In a fresh sign of U.S. banks' willingness to put money on the table in Latin America, NationsBank Corp. has acquired a controlling stake in a Brazilian bank.
NationsBank completed the purchase Friday of a 51% position in Banco Liberal, Sao Paolo, which specializes in corporate finance, asset management, and underwriting, a spokeswoman for the Charlotte, N.C.-based banking company confirmed.
Terms were not disclosed, but a source close to NationsBank estimated the price at $50 million.
The acquisition was the fifth by a U.S. bank in Latin America since last January. Forays into Latin America-viewed as the height of folly after the Third World debt crisis of the 1980s-have been gathering steam as U.S. banks expand their retail and corporate banking activities there.
Since January 1997, Wachovia Corp. has bought a Brazilian bank and American Express Bank Ltd. has acquired a 50% stake in one; Citicorp has bought a Mexican bank; and BankBoston Corp. has purchased Deutsche Bank's retail network in Argentina.
Also, Norwest Financial, the consumer finance arm of Norwest Corp., this month acquired Finvercon, an Argentine consumer finance company.
More Latin American deals may be in the wind. J.P. Morgan & Co. is reportedly considering buying up to 20% of Grupo Serfin, Mexico's third- largest bank. A Morgan spokeswoman declined to comment.
The NationsBank spokeswoman said the move into Brazil "allows us to serve our U.S. clients more effectively, gives us a foothold in an extremely active market, and allows us to participate in an enormous number of privatizations expected to take place over the next three to four years."
She added that the acquisition "doesn't put our balance sheet at risk at all since 80% of the bank's income is from fees."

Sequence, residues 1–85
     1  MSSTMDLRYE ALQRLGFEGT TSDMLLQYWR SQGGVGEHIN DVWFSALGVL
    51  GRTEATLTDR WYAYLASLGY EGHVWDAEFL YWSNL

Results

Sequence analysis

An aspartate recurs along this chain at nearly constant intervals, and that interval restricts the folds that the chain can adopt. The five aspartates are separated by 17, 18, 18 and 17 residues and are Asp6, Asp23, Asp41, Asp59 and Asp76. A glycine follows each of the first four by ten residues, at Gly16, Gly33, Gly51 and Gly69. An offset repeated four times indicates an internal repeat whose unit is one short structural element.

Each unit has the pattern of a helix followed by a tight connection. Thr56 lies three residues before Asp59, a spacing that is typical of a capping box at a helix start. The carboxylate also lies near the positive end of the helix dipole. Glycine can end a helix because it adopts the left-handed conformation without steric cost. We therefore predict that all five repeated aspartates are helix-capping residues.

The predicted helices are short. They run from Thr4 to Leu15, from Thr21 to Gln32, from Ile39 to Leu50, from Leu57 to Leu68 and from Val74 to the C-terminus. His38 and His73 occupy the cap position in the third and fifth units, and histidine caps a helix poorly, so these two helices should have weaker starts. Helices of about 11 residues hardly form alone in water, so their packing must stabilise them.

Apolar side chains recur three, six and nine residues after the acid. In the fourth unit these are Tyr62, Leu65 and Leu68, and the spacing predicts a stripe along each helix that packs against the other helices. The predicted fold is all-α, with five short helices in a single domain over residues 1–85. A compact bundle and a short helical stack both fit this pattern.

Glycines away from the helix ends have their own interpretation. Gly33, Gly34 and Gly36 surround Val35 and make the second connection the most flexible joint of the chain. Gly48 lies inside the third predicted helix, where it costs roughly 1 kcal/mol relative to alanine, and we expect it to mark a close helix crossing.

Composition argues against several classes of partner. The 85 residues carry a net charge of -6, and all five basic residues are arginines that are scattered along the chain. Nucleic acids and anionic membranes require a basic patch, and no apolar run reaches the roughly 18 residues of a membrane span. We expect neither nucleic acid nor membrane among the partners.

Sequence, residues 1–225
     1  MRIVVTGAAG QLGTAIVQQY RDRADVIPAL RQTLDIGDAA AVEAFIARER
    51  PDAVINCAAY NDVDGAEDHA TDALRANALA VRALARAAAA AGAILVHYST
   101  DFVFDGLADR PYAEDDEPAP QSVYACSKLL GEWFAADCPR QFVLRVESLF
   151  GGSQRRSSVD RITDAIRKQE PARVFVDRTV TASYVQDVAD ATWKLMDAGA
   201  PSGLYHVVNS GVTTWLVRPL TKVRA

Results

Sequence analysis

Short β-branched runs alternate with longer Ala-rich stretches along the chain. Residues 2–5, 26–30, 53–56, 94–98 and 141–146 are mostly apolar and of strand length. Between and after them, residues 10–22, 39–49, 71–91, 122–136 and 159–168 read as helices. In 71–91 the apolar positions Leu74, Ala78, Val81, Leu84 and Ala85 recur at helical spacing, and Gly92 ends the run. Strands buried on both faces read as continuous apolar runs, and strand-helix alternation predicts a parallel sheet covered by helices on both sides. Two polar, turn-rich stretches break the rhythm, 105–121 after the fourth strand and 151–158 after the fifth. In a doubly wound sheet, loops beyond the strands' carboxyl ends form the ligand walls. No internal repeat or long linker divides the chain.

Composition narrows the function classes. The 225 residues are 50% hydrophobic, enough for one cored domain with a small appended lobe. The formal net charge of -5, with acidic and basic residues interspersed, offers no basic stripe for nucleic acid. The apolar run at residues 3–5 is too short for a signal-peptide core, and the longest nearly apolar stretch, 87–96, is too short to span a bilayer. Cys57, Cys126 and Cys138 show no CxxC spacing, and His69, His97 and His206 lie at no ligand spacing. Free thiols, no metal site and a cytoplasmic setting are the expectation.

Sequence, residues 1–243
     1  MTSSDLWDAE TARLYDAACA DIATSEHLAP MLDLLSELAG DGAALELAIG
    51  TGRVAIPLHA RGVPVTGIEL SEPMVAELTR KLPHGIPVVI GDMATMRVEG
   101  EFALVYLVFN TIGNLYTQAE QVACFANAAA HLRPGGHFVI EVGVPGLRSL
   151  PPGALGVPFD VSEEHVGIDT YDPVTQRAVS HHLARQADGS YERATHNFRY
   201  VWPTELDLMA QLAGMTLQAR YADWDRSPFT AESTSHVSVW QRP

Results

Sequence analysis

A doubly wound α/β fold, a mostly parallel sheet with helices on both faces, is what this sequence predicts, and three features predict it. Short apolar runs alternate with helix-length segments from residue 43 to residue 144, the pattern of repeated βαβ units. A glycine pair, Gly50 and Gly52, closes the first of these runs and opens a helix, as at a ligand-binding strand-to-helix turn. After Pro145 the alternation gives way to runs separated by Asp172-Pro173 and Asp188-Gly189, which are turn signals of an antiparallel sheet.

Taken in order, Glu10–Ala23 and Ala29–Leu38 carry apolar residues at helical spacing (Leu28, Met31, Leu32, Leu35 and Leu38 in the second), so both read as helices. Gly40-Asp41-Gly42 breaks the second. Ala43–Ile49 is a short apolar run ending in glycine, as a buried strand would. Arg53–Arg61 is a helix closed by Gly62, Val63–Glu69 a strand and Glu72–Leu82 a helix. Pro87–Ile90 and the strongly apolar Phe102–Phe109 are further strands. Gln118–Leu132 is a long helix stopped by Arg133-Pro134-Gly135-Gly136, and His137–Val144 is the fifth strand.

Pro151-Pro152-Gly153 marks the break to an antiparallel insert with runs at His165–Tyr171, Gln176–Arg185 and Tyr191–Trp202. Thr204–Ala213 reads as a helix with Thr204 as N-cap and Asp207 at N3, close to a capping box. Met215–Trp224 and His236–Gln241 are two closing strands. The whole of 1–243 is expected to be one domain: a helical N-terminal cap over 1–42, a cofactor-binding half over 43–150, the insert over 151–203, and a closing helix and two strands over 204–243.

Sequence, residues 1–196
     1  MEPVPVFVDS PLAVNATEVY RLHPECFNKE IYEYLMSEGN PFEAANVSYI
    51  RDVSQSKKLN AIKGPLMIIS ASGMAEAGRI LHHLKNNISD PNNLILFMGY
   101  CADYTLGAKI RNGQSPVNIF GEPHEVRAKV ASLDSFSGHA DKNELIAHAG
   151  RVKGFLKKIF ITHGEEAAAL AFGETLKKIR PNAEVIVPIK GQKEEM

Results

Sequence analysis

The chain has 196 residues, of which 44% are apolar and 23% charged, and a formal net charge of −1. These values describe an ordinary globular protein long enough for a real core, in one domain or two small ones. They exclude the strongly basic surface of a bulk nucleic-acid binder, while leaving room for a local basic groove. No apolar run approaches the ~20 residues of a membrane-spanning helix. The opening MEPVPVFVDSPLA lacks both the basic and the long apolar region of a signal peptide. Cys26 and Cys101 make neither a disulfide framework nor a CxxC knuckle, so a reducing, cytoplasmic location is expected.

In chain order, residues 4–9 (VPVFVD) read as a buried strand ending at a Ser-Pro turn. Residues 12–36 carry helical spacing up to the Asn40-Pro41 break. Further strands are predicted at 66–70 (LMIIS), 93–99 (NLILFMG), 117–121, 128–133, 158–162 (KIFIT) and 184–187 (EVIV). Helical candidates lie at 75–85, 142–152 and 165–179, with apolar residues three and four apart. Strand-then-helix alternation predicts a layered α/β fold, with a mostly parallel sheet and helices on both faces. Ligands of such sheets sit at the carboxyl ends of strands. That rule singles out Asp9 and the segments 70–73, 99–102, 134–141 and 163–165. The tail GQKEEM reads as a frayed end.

Analysts noted that the NationsBank acquisition is rather small and fits in with the bank's efforts to move beyond the domestic market.
"It's an opportunistic experiment," said Nancy Bush, a banking analyst with Brown Brothers Harriman. "You can't expect an institution with the breadth and scope of NationsBank to restrict itself to domestic banking. Sooner or later they are going to have strong ties to Latin America."
Under the agreement it unveiled Tuesday, Banco Liberal remains under the management of its three top Brazilian executives: Aldo Floris, president; Antonio Carlos, vice president; and Lauro de Luca, financial director.
Founded in 1942, Liberal obtained a banking license in 1989. The bank is reported to be the 10th-largest equity underwriting firm in Brazil and the fourth-largest manager of foreign investments in Brazil with some $2 billion under management.
Acquiring Liberal gives NationsBank a platform for further developing activities in Brazil, where many of its U.S. corporate customers have sizable operations.
NationsBank is keen on participating in an anticipated $100 billion worth of privatizations over the next few years by helping Brazilian and U.S. corporations finance the purchase of government-owned Brazilian companies, especially electrical, utilities, and telecommunications companies.
NationsBank this month extended a $250 million bridge loan to the mining company Companhia Vale do Rio Doce as well as an $18 million loan to Gazeta Mercantil, a financial media company.
NationsBank's expansion in Brazil is part of a broader move to extend its international reach. In the past two years, the bank has increased the number of its offices outside the United States to 14 countries from six, opening branches and representative offices in locations ranging from Bombay to Bogota.